Anyone expecting this new Taylor Swift documentary to be just another concert film with some behind the scenes moments of quick costume changes and rushing backup dancers is in for a rude awakening.
According to Tay’s revelatory Variety cover profile, Taylor Swift Miss Americana is a gradual examination of how the pop star found her political voice, or as the trade rag so dramatically puts it, it’s “a portrait of the birth of an activist.” Wow.
You’d expect then, the film — which scored a prestige premiere spot on Thursday, January 23 at the Sundance Film Festival — to focus on the political issues Taylor has found herself fighting for, and how they shaped her personally. You know, LGBT equality and women’s rights.
But don’t expect a PBS political doc. This movie sounds like it’s going to deliver the goods in the way of HOT. CELEB. GOSSIP.
See, one of the most important steps on the journey to Taylor speaking out for what she believes comes from an episode in which she followed her old pattern of people-pleasing — and it blew up in her face in a way few things ever had.
We are of course talking about the incident in 2016 when Taylor publicly took offense at Kanye West‘s song Famous, in which he rapped the lines:
“Me and Taylor might still have sex / Why? I made that bitch famous”
Her outrage was answered immediately by Kim Kardashian West releasing secretly recorded audio of a phone call between the two artists in which Taylor gives Kanye the green light to one of the lyrics. The whole thing made Taylor look like a huge phony, selling feminism as a brand. But in this documentary, we are shown all of those events from her side of the story!
The Style singer hasn’t spoken much about the incident, basically NEVER talking about Kanye in public, but she did open up a bit about the experience last year. In a candid Rolling Stone interview, she explained she was trying to be magnanimous to the rapper after their earlier animosity — but he was using her desire for peace in order to ambush her later!
She claims he only shared some of the lyrics and surprised her with the most offensive stuff, and that wasn’t the first time he was “two-faced”. She revealed he’d pulled a similar stunt on her at the 2015 VMAs, personally asking her to present his award and then going on TV complaining about how MTV had chosen her.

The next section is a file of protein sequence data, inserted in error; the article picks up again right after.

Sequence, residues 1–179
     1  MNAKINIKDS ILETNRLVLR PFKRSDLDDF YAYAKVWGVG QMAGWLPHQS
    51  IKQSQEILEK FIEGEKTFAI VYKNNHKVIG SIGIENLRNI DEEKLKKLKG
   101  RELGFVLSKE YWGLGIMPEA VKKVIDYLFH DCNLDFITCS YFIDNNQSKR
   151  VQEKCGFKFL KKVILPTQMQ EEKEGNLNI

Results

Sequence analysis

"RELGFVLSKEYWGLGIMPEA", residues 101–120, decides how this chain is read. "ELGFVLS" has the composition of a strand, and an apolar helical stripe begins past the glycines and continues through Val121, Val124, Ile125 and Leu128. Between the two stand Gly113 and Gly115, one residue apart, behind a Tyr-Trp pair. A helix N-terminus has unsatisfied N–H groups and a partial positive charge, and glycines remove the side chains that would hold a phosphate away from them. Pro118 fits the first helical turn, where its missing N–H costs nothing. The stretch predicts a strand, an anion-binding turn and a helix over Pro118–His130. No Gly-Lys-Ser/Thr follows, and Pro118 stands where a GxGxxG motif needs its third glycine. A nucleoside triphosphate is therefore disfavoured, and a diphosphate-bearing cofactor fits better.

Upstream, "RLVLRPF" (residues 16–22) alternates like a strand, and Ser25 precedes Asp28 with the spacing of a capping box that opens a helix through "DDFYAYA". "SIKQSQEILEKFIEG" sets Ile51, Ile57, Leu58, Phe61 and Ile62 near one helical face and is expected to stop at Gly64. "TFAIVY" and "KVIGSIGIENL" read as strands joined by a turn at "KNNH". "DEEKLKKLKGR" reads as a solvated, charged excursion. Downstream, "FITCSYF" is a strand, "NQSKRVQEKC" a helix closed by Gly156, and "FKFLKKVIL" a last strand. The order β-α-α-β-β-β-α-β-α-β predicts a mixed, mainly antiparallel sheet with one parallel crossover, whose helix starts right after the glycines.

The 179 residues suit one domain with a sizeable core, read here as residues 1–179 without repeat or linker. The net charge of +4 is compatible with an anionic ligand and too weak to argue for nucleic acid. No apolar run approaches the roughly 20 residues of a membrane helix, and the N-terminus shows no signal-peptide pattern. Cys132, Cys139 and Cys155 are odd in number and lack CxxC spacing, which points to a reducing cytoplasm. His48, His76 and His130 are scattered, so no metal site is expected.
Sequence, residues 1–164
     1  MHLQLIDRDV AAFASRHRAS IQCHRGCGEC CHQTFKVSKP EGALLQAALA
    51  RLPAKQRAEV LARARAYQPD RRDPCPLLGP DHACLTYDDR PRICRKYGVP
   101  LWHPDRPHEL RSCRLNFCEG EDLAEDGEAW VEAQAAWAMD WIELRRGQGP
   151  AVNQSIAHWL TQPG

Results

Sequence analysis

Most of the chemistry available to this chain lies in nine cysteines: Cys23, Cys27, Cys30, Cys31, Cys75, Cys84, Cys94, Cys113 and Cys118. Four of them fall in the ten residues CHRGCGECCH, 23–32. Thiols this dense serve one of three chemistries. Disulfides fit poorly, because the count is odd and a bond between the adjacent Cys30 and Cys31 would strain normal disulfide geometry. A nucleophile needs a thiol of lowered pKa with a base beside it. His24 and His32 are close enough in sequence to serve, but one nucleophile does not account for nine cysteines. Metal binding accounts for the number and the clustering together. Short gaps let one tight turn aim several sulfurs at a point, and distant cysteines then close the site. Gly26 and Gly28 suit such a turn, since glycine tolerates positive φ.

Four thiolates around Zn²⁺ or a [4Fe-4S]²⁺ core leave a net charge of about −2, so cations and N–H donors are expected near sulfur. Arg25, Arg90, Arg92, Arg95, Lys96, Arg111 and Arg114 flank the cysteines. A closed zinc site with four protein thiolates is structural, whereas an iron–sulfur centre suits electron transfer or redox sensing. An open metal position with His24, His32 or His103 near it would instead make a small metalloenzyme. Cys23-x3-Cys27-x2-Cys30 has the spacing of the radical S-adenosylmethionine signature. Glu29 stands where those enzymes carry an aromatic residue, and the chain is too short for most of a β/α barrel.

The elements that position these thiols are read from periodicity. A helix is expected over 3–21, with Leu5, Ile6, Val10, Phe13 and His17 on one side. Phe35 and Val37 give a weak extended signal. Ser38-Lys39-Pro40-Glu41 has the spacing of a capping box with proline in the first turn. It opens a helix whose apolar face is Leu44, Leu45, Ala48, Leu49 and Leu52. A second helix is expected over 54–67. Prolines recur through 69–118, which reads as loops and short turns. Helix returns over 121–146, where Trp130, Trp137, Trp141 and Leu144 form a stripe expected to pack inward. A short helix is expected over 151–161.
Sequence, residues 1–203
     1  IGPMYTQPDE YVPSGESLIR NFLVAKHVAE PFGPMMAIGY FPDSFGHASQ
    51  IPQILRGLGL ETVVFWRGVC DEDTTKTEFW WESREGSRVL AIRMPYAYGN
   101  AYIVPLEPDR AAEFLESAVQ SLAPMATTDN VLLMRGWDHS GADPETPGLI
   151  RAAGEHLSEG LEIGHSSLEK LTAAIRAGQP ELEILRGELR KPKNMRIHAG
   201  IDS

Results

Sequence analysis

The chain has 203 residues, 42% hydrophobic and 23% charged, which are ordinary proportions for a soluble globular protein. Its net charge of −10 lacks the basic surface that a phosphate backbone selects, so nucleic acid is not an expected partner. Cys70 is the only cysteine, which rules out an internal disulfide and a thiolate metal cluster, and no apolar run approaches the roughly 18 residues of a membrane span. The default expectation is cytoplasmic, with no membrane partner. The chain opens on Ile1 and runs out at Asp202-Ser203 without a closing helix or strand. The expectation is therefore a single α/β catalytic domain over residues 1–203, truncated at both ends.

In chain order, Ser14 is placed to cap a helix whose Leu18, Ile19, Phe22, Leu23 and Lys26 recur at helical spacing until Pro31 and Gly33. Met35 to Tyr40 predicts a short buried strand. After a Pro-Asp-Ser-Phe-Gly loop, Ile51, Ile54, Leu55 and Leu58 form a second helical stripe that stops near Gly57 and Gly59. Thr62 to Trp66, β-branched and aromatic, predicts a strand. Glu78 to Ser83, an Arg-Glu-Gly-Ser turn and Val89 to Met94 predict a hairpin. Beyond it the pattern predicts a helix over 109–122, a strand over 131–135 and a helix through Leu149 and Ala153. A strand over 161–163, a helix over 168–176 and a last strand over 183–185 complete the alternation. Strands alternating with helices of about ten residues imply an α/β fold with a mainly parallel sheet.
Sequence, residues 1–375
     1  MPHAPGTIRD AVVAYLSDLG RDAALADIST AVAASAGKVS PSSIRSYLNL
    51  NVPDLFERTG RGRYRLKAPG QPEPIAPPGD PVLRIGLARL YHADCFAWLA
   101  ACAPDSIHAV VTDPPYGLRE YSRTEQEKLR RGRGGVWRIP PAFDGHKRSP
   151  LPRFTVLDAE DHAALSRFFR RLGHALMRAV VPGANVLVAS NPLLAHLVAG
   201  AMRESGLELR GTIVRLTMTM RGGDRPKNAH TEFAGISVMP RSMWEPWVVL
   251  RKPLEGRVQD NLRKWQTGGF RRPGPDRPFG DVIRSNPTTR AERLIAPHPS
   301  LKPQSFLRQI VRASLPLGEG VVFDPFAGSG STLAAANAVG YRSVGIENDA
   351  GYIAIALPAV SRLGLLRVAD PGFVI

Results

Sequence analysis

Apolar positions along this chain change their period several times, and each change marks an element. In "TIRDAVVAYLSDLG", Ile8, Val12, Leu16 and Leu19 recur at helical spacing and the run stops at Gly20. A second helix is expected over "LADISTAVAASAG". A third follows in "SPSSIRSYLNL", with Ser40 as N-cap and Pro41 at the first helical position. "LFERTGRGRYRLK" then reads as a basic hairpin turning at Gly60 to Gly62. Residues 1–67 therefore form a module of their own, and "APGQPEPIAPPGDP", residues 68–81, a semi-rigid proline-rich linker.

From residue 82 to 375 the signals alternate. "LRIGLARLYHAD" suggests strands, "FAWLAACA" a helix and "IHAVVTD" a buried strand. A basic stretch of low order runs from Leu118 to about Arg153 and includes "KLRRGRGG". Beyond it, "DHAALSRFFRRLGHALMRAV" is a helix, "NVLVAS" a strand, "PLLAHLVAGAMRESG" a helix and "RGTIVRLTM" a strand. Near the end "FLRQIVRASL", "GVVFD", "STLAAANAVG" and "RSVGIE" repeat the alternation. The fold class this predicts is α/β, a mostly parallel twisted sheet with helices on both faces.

It’s all so much duplicitous drama, and we are SO HERE FOR SEEING IT ON THE BIG SCREEN!
What does it have to do with the movie’s political journey though? Director Lana Wilson tells Variety it was her call and not Taylor’s — when she realized how much of a role Kanye has had in shutting Taylor down over the years:
“With the 2009 VMAs, it surprised me that when she talked about how the whole crowd was booing, she thought that they were booing her, and how devastating that was. That was something I hadn’t thought about or heard before, and made it much more relatable and understandable to anyone.”
Tay recalls to the outlet herself how that infamous 2009 moment affected her mental health for years:
“As a teenager who had only been in country music, attending my very first pop awards show, somebody stood up and sent me the message: ‘You are not respected here. You shouldn’t be here on this stage.’ That message was received, and it burrowed into my psyche more than anyone knew.”
And that led directly to the 2015 incident:
“That can push you one of two ways: I could have just curled up and decided I’m never going to one of those events ever again, or it could make me work harder than anyone expects me to, and try things no one expected, and crave that respect — and hopefully one day get it. But then when that person who sparked all of those feelings comes back into your life, as he did in 2015, and I felt like I finally got that respect [from West], but then soon realized that for him it was about him creating some revisionist history where he was right all along, and it was correct, right and decent for him to get up and do that to a teenage girl. I understand why Lana put it in.”
It’s not about the issues on which Taylor takes a strong moral stance. It’s about a woman learning to not let herself be shut down and silenced because she’s worried about what people think of her. Some things ARE worth fussing over!
As we said, we are SO stoked for this doc now! We’ll have to wait for the Netflix premiere later this month on January 31, then you can be sure we’ll be talking all about any revelations from the film itself.
[Image via WENN/Instar.]